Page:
|Eric Poehler at Kent last week|
Luckily, the digital humanities pioneer, Eric Poehler of the University of Massachusetts Amherst, came to the University last week to talk about some of the 'hard lessons' in the fledgling discipline. Even before he got on to the lessons themselves, he was having to try and nail down the term. 'Is it singular or plural?' he asked. 'Should we use it to describe a mindset or methodology, or to label any humanities endeavour that uses technology?' As ever with DH, the answer was not straightforward, and emerged during the course of his talk.
Lesson 1: Moving Targets
If your research involves technology, you are always running to stay ahead of the obsolescence. At the other end of timeline, you are having to learn about the potential applications of new technology coming on line. Somewhere in between these two extremes there's a small 'space of innovation' where current technology can make possible investigations or analyses that could not have happened previously. Seizing that moment, occupying that space, is what all DH academics are hoping to achieve. 'We are all, essentially, DH toddlers,' said Poehler. We know that it is theoretically possible to run, but our legs aren't ready yet.'
Lesson 2: Imposter Syndrome
I've written about this elsewhere on this blog, but DH is more prone to it than most, as it is such a young discipline, and requires an understanding of and ability to use complex technologies. Poehler described it as 'an untethered balloon', which we are trying to grab hold of and control. But the nature of technological development is such that no one can master it all, resulting in a natural feeling of inadequacy.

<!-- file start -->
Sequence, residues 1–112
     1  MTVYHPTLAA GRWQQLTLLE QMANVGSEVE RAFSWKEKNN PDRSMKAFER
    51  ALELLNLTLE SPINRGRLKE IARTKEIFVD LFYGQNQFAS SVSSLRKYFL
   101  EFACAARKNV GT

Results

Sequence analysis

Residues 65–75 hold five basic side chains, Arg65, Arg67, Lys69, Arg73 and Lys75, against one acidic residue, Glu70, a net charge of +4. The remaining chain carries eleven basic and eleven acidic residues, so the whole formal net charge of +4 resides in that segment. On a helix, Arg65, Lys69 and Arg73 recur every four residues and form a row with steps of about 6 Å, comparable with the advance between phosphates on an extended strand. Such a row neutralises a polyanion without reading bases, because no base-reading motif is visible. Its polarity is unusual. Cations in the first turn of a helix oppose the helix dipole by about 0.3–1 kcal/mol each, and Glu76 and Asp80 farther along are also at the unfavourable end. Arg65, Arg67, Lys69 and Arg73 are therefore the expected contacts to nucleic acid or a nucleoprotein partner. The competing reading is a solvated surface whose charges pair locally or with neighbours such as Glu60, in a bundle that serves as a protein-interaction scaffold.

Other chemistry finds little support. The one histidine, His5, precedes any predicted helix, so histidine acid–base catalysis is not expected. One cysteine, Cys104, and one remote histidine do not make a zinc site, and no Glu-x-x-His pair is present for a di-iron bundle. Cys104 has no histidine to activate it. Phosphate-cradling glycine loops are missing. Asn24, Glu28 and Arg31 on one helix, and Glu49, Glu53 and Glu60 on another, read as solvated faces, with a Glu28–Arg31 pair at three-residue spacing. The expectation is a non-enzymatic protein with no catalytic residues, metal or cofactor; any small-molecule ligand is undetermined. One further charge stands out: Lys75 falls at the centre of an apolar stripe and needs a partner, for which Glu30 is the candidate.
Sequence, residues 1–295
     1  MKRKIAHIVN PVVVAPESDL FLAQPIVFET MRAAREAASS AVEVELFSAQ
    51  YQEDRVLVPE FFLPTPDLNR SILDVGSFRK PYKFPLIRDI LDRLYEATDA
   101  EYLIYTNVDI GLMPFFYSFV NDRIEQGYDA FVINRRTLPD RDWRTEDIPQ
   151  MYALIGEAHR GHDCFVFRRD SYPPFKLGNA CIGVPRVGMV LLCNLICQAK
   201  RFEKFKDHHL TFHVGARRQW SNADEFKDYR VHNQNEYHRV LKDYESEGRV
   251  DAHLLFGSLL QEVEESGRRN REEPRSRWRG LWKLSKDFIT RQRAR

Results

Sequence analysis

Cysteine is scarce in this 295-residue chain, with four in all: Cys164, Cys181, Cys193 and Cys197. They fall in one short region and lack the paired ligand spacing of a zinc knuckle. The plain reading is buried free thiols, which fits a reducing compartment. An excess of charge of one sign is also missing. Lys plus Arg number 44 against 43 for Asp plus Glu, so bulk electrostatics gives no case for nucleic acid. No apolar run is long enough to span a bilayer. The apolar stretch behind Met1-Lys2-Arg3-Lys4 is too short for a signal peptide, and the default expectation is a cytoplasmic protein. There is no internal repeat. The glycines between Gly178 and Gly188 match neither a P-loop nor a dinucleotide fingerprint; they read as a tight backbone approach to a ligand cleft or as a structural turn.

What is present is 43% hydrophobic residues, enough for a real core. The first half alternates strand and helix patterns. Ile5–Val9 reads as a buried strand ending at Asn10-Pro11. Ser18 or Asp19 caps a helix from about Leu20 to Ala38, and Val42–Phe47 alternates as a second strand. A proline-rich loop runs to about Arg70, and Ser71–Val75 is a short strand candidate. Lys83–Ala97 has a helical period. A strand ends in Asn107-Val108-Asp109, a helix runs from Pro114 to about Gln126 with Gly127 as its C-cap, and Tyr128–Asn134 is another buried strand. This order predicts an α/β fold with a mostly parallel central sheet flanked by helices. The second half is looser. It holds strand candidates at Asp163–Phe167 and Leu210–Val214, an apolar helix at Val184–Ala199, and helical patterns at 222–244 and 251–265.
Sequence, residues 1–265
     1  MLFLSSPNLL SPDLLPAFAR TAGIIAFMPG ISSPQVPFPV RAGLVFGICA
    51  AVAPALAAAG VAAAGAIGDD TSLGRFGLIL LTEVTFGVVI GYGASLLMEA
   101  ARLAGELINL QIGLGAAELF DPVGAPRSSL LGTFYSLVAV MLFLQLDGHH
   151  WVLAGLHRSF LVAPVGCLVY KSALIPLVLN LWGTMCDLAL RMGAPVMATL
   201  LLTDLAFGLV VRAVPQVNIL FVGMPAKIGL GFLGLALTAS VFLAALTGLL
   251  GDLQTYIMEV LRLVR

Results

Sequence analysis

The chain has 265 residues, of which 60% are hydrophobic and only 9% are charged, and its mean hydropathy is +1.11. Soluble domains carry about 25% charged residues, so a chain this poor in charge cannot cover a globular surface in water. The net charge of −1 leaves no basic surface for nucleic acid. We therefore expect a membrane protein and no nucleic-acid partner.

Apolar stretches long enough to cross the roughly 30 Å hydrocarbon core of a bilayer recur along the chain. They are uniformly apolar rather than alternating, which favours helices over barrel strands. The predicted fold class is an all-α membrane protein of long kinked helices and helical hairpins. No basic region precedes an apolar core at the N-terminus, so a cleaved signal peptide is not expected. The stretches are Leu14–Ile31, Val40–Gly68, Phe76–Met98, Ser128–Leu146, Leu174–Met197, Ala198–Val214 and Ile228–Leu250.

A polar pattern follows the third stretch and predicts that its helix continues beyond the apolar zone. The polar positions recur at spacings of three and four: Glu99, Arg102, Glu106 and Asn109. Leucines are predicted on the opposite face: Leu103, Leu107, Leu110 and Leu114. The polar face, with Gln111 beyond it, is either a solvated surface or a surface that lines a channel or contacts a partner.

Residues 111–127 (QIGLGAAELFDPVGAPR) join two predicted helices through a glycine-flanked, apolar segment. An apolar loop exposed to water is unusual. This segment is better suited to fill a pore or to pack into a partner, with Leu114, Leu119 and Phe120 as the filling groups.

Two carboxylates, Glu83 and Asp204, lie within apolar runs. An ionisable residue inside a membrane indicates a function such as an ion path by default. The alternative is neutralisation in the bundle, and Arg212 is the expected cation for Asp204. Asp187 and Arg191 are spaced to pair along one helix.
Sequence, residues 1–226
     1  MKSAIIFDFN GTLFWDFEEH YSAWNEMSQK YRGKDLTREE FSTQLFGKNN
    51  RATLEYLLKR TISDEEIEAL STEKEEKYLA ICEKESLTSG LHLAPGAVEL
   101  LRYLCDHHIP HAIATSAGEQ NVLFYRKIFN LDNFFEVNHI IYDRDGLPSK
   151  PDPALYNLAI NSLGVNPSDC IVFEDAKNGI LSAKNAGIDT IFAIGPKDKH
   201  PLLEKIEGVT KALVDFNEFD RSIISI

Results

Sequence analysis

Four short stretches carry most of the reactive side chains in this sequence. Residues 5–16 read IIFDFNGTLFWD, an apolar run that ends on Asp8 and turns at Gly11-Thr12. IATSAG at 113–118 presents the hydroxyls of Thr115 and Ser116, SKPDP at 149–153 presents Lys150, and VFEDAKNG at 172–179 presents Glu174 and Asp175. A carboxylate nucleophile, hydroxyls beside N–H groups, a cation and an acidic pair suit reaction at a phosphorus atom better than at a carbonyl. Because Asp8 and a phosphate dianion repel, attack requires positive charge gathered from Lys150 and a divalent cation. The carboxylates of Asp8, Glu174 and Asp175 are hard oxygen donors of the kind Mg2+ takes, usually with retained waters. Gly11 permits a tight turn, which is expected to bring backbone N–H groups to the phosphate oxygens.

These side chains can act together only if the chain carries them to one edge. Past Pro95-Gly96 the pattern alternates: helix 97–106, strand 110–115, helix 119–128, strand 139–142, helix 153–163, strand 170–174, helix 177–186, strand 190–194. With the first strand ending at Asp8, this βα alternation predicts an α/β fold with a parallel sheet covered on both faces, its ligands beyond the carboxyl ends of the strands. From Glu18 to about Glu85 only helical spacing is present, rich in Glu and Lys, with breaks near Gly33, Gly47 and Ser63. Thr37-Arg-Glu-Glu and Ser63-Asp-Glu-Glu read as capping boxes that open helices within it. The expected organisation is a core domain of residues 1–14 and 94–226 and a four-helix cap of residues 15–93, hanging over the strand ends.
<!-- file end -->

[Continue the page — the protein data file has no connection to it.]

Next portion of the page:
Lesson 3: Data Requires Contextualisation
It's very easy to get carried away by the wonder of the data created using new technological methods. You are able to scan more, see more, process more, model more. And yet you need a firm founding in traditional research. He gave the example of his Quadriporticus Project, which aims to understand one of the largest monumental buildings in Pompeii. At the centre of the is a large square, and scanning with ground penetrating radar suggested that there was a circular structure in the middle of it. However, it was only by cross referencing with nineteenth century prints that it was clear that there had been a pillared structure there. Don't assume that technology alone can deliver answers. It can provide useful tools, but they shouldn't be used in isolation.
Lesson 4: The Flaw of Insufficient Novelty
Traditional archaeologists - and doubtless other disciplines - can be sniffy about DH. 'You're only doing what we're doing, but quicker,' they would suggest. Or perhaps: 'efficiency is not archaeology'; or 'Technology is a barrier to engagement.'
Well, yes and no. Technology is not enough in itself. What it makes possible is speed and scale. It allows you to process much, much more material, and by so doing to undertake more in depth and inclusive analysis. You're not reinventing archaeology, or any discipline: you're just using new tools to explore the same material in different ways. You still need to interpret the data.
Lesson 5: Running Projects Is Hard
Digital Humanities is a team effort. You rely on other people. A large chunk of your time will be communicating with people, and you will have to get used to spending days answering emails. Much of the work is monotonous. And you have to be a positive salesman the whole time. Everyone is looking to 'shoot a hole in what you're doing'. You will need to justify, justify , justify.
So what is Digital Humanities? It is, essentially, the future. It is research that uses a range of technologies to gather and process data. It doesn't interpret the data: that's the role of the traditionally trained academics. Digital Humanities offers the tools. In a decade they may not even have their own label: the technologies will have become so commonplace and ubiquitous that they will just be a standard part of humanities research.
As to the milk that stays fresh for decades? That - well, I'm afraid no one understands that. For that, you're on your own.